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How secure will our children's details be on the Information Sharing Index?

In February 2007 the Nationwide Building Society was ordered to pay 980,000 for poor information controls following the theft of a laptop computer. Philip Williamson, Nationwide's chief executive said, "We have extensive security procedures in place, but in this isolated incident our systems of control were found wanting."

More information here.

All of which might lead us to once again to wonder just how secure the database being developed at present by the Government might be.

Ministerial Statement and Timetable

On 8th December 2005 Ruth Kelly announced the Government's implementation of the Information Sharing Index. You can read the full text here. It is anticipated that the system will be up and running everywhere by the end of 2008.

This Index will hold:

"minimal identifying information for each child; name, address, date of birth, gender, and contact details for parents or carers. Each child will also have a unique identifying number. In almost all cases this will be a scrambled version of their Child Reference Number (which all children are allocated when a claim for child benefit is made); contact details for their educational setting and GP practice and for other practitioners or services working with them; and where a practitioner judges it appropriate and necessary, an indicator showing that they wished to be contacted by other practitioners because they have relevant information to share, are taking action, or have undertaken an assessment in relation to that child."
Education Otherwise responded to the public consultation in 2006. Our response can be found here.

It is estimated the system will be accessed by an estimated 500,000 practitioners. The Information Commissioner outlined his concerns in November 2006.

The Minister said the Project Team at the DfES will directly and actively seek the views of children, young people and families and will ensure those views are taken into account as we develop the index.

You may wish to make your MP or the project team at the DfES aware of any concern you may have.

In Sheffield we are meeting with the Local Authority for a briefing on this matter. Sheffield was one of the "Trailblazer" authorities piloting the scheme.

The rich and famous can ask to have their children's details excluded. We are investigating whether we might have the same rights for our children.

There has been a big and successful campaign to opt out of the NHS Common Spine computer database because of similar concerns about security.

Being Heard

Two letters, from Campaign Team member Fiona Nicholson, have been published in the Guardian over this issue:

Letters to the Guardian, Tuesday 2nd January 2007

Index is unworkable

I was interested to read that Shane Roberts's mother welcomes the Information Sharing Index (Is sharing caring? December 12). I can see that in a small-scale pilot project there may be short-term gains. However, as a parent I would not welcome the ISI in any shape or form.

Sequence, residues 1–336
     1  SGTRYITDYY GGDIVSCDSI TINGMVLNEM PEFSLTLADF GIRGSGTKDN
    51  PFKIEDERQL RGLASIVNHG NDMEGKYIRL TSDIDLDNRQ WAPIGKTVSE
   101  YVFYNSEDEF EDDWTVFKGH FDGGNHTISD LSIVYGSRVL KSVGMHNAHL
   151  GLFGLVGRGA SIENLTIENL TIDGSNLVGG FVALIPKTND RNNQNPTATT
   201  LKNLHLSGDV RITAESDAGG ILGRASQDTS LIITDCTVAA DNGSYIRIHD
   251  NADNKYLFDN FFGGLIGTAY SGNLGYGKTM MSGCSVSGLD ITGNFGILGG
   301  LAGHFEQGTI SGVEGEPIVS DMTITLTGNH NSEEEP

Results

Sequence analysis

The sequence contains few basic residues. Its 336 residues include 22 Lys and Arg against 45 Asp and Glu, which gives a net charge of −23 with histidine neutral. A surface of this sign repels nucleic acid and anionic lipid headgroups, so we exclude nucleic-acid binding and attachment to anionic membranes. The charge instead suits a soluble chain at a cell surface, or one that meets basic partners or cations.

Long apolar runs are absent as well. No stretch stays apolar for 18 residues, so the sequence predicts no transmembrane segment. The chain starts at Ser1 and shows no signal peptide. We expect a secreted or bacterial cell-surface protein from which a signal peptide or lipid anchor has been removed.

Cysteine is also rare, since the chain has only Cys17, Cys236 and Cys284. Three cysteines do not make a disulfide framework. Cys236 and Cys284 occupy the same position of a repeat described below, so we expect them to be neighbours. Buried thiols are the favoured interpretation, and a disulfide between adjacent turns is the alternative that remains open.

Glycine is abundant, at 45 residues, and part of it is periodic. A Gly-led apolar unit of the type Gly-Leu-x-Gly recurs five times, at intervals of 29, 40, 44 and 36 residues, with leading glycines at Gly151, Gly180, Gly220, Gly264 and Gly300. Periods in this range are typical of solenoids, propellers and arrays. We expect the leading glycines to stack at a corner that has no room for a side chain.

I live in Sheffield, which has also been a pilot project area. Many reservations have been expressed on the ground in Sheffield and elsewhere with regard to handing over children's personal details to half a million registered users. Many parents have no confidence that this data will be objective.

In addition, the financial and logistical implications for 150 local authorities will be immense and this will have a direct impact on services. The database cannot possibly be secured against misuse and hacking. This is why the details of celebrities' children may be kept off the records; the remaining 11 million children are deemed safe. I am exceedingly sceptical of Beverley Hughes's positive spin on the database. I and many parents consider it unworkable and unsafe.

Fiona Nicholson,
Sheffield

Letters to the Guardian, Friday 2nd March, 2007

Liz Davies is correct to see the children's database as a surveillance tool. Catherine Ashton said in the Lords on May 24 2004: "I would not say that he [Lord Laming] was the author of the proposal for databases but that has been part of our discussions with him in trying to implement effectively what should be done." The agenda had been decided in advance of Laming's report.

In December, Education Otherwise, the home education support charity, submitted a response to the DfES on the information sharing index. Parents are being told the database is necessary to protect children, yet IT professionals say the database cannot be made safe from abuse. Frontline staff working to protect vulnerable children have also expressed disbelief that investing hundreds of millions in IT can be the best way to safeguard children. The government's own information commissioner has issued a detailed report advising extreme caution in proceeding with the database. The child protection register is being abolished and money diverted into unwieldy computer systems. Local authorities are advising government that they will be unable to meet many of the deadlines. The conceptual framework for the information sharing index did not take account of the divergent IT systems in our local authorities. The thought that half a million practitioners in health, education, social services, youth work and IT might have access to detailed information about the nation's children is a cause of grave concern to thousands of home-educating parents.

Fiona Nicholson
Education Otherwise, Sheffield


Food for Thought:
Home Education for Teenagers

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The DCSF thinks school is the best place for children.
Here at Education Otherwise Campaign Website,
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